September 5, 2018
Billions of people around the world include protein-rich bugs in their diet. But are crickets really a sustainable alternative to chicken? This episode, we talk to the scientists and startup founders looking to put bugs in everything we eat.
August 22, 2018
Encore edition: What happens when antibiotics stop working? With drug-resistant infections on the rise, scientists are scrambling to develop new weapons in the fight against evolved bacteria-from cutting-edge diagnostic tests to revolutionary gene-editing techniques. Programming note: All new episodes resume in early September.
August 15, 2018
Urban areas around the world are increasingly equipped with sensors to track-and control-everything from traffic patterns to wastewater. But this increased connectivity and data collection opens us up to devastating hacks and unwanted surveillance.
August 8, 2018
What if our homes took care of us and not the other way around? In this episode, a look inside the smart homes that could transform everything from entertaining to eldercare.
August 1, 2018
What happens when an injury occurs on a commercial space flight or manned mission to Mars? Meet the scientists and astronauts studying how to keep us safe where routine care is impossible--and the closest hospital is a million miles away.
July 25, 2018
Lyme disease is rampant on Martha's Vineyard and Nantucket. MIT scientists believe that releasing genetically altered mice on the islands could curb-and even wipe out-the disease. A close look at an unprecedented environmental intervention.
July 18, 2018
Millions of people suffering from mental health issues are left untreated and undiagnosed. In this episode, we meet the psychologists and scientists studying how artificial intelligence can help.
July 11, 2018
When a deadly E.coli outbreak sickened hundreds, it took investigators months to determine the source. In this episode, we look at how sensors, digital ledgers, and genome sequencing could reduce that window to seconds-and make our food supply safer.
July 4, 2018
Rebroadcast: Adidas sneakers made from vegan spider silk. Mushroom-based Dell computer packaging. Today, biofabrication--the science of growing raw materials in a lab--is producing everything from furniture to fabric.
June 27, 2018
Foreign governments are targeting our information, our infrastructure and even our democracy. But what constitutes an act of war in the digital age? When does espionage become an outright attack? Meet the soldiers in the fight for cyber security.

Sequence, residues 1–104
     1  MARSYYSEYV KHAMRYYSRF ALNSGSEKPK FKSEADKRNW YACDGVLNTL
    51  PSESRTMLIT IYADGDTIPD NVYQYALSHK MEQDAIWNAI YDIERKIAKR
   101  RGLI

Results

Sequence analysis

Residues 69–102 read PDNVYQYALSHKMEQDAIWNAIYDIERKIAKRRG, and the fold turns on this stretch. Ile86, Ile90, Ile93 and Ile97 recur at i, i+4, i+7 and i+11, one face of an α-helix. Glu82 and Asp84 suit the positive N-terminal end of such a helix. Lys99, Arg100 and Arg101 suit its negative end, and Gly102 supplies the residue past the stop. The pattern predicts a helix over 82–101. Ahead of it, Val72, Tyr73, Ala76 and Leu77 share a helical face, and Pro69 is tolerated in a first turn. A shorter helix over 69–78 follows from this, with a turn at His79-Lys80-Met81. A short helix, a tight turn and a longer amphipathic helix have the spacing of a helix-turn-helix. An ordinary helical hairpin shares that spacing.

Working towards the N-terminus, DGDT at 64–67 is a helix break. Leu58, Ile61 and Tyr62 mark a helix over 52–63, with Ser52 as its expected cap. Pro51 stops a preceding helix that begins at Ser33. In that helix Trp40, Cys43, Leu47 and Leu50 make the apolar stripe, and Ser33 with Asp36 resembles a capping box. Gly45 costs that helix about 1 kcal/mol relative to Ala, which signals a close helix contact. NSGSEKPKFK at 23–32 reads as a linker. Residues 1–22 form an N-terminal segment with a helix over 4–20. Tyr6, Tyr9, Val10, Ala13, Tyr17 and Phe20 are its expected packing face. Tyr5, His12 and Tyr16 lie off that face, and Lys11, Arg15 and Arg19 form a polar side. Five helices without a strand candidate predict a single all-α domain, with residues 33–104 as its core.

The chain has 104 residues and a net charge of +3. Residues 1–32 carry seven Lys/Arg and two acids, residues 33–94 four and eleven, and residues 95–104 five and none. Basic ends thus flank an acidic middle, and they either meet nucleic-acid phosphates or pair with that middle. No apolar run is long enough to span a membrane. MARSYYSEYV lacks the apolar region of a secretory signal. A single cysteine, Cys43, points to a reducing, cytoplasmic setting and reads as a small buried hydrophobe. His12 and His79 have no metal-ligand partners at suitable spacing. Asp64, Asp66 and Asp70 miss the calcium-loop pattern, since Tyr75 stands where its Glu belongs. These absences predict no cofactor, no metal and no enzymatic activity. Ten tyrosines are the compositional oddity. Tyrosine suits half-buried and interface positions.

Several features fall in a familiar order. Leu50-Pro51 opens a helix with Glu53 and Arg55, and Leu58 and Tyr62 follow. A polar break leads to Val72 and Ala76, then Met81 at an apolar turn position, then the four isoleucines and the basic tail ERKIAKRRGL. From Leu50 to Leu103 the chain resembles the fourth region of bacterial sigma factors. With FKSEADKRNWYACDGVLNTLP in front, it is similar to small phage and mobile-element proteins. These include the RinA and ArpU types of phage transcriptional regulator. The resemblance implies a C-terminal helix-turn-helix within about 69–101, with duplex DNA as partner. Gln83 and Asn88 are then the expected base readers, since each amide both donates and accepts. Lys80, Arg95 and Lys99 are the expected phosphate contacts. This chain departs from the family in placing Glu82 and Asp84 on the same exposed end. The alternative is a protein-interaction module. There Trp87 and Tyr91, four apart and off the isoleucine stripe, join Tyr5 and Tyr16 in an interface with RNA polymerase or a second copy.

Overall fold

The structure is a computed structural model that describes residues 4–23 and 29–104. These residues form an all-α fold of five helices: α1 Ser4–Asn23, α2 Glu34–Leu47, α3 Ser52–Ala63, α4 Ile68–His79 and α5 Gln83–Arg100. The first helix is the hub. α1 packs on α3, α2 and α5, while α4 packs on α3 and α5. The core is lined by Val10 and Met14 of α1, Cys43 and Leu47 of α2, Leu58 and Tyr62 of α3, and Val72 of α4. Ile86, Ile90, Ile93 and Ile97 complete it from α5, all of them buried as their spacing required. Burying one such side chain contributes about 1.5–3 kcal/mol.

June 20, 2018
Countries such as Kenya and China have rapidly embraced mobile wallets. So why are Americans still reaching for cash and credit cards? We speak to the experts and explore a future where making a payment could be as easy as nodding your head.
June 13, 2018
As much as a third of seafood sold in the U.S. is mislabeled. But can technology and tracking keep the industry honest? Meet the fishermen, chefs and government agents working to ensure that the fish on your plate is the one you ordered.
June 6, 2018
Today, paraplegics can move robotic limbs using only their thoughts. But when it comes to our understanding of how the brain works, we still have a long way to go. Meet the scientists attempting to hack the world's most complex computer.
May 23, 2018
Vegetables engineered with the gene-editing technology Crispr are moving closer to supermarket shelves. But will these genetically altered foods carry labels to alert consumers? Or is gene editing, as some scientists argue, just a way to speed up evolution?
May 17, 2018
Restauranteur Kimbal Musk wants to feed America with hyper-local produce and robot-equipped kitchens. Anya Fernald, CEO of Belcampo, is rethinking the way animals are raised and slaughtered. We asked them how we'll be eating in the years ahead.
May 16, 2018
How will we travel to outer space? And what will we do when get there? Relativity Space CEO Tim Ellis and TransAstra founder Joel C. Sercel explain how everything from 3D-printed rockets to asteroid mining will help us explore, live and work in the final frontier.
May 12, 2018
There's a record wealth gap in the U.S. today. Entrepreneur and Facebook co-founder Chris Hughes says it's time to talk about providing at least $500 a month to every American worker making less than $50,000 a year.
May 12, 2018
The actress and activist was joined by Tina Tchen, a partner at Buckley Sandler and leader of the Time's Up Legal Defense Fund, to discuss the far-reaching effects of the #metoo movement.